1. Difficulty with verbal and non-verbal communication - not responding to or participating in conversation appropriately, difficulty reading body language and facial expression.
  2. Creating and maintaining relationships with others - isolated behavior and communication barriers can strain social relationships for those with ASD.
  3. Inflexible behavior - many cases feature repeated behaviors or strict routines.

Signs of Autism in Babies

Especially since communication is strained through infants without ASD, detection of early signs of Autism requires persistence and close attention. Every child develops differently as it is, but the American Psychiatric Association has determined some key milestones in childhood development and the average age at which they occur so parents can keep an eye out for delayed development.

If you have concerns about your child or would just like to be proactive, you can look for these signs before consulting a doctor:

  • No signs of socialization through 6 months
  • No pointing or hand gestures through 12 months
  • Not using one-word communication through 16 months
  • Not using two-word phrases by 24 months
  • Lack of eye contact and smiling
  • Not responding to his/her name
  • Not using body language for communication

What to Do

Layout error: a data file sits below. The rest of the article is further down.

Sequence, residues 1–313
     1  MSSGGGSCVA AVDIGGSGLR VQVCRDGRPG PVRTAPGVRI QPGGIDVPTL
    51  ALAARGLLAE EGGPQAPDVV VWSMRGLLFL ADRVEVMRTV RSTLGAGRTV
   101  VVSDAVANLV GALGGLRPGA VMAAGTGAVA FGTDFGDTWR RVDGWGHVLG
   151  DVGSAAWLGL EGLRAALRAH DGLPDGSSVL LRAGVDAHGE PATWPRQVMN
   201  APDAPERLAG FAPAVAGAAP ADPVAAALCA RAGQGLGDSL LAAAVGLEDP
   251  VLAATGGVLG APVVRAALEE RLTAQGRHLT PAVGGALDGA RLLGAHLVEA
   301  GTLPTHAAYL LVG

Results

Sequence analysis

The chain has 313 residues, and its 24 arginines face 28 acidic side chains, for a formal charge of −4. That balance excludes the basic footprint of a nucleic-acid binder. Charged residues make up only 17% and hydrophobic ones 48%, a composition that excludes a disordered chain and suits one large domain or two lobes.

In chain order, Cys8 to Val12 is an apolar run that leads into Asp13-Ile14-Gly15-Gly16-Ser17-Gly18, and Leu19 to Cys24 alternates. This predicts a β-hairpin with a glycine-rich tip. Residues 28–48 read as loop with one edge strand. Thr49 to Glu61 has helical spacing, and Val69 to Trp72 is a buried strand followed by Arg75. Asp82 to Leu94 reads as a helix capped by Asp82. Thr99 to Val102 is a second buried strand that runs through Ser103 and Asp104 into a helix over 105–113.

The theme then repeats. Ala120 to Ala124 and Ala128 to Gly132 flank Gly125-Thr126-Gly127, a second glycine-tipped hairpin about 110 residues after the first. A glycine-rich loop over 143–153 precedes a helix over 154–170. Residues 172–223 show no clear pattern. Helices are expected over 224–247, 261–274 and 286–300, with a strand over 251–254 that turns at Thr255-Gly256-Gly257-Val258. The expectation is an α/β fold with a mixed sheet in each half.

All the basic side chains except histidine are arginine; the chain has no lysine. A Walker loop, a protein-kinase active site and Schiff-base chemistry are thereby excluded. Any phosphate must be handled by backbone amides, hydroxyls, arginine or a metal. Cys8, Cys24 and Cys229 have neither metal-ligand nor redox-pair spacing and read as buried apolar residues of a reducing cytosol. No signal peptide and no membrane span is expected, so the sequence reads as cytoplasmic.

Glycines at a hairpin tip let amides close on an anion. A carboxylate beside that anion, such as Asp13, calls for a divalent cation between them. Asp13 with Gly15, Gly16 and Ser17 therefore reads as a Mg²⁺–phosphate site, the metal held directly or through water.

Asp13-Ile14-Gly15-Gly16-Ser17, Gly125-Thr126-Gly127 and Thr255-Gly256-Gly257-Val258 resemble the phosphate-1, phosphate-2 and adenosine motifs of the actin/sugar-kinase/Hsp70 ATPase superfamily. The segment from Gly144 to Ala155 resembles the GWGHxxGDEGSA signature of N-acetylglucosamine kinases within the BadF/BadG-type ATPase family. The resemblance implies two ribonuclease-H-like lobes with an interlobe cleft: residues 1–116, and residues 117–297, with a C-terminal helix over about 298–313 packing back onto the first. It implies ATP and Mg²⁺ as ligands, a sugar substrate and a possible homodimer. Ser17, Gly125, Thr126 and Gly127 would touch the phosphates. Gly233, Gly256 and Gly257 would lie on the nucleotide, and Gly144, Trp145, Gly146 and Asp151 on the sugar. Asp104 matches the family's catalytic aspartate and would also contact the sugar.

If you have a strong feeling your child may have Autism Spectrum Disorder, the best thing you can do is act quickly to begin finding the right treatment for your loved one. Talk to your child’s pediatrician and ask about the next step

Once you’ve been directed to all the right specialists and healthcare professionals for your child, you must educate yourself and anyone who might help with taking care of your child. As a parent of a child with Autism, you are now an advocate for your child to make sure they are getting all the best treatment and opportunities they are entitled to. The more you can learn at home, the better adjusted your child’s treatment can be. Not only will you be more in tune to your child’s needs, but practice makes perfect when it comes to treatment. Applying what you learn from doctors and professionals, along with engaging in your child’s education, helps maintain a stable, healthy environment around them.

Many children with Autism start with Intensive Behavioral Health Services (IBHS) with a focus on Applied Behavior Analysis (ABA). This team of trained behavioral staff can help create and assess a behavioral treatment plan that is tailored to the needs of your child. Each plan is customized for each case and the goal is continuous growth and development according to individualized needs. IBHS-ABA focuses on skill acquisition, behavior reduction and parent training. There is no cure for Autism, but persistent treatment and dedication can make a huge difference.

Aside from finding ways to help with your child’s treatment, it is almost equally important for parents and guardians to reach out within the Autism community and find resources and programs that can help your child learn new skills. There are support groups for parents, and while specialists in this area may have the most knowledge about ASD, parents have lifetimes of experience, wisdom and guidance they are usually glad to share. Part of the parent’s role is making sure they do the right things to support their own health and stay informed. Joining a network of people affected by Autism, can be a necessary support for the whole family, and it’s a great way to discover the right programs and organizations for your loved one.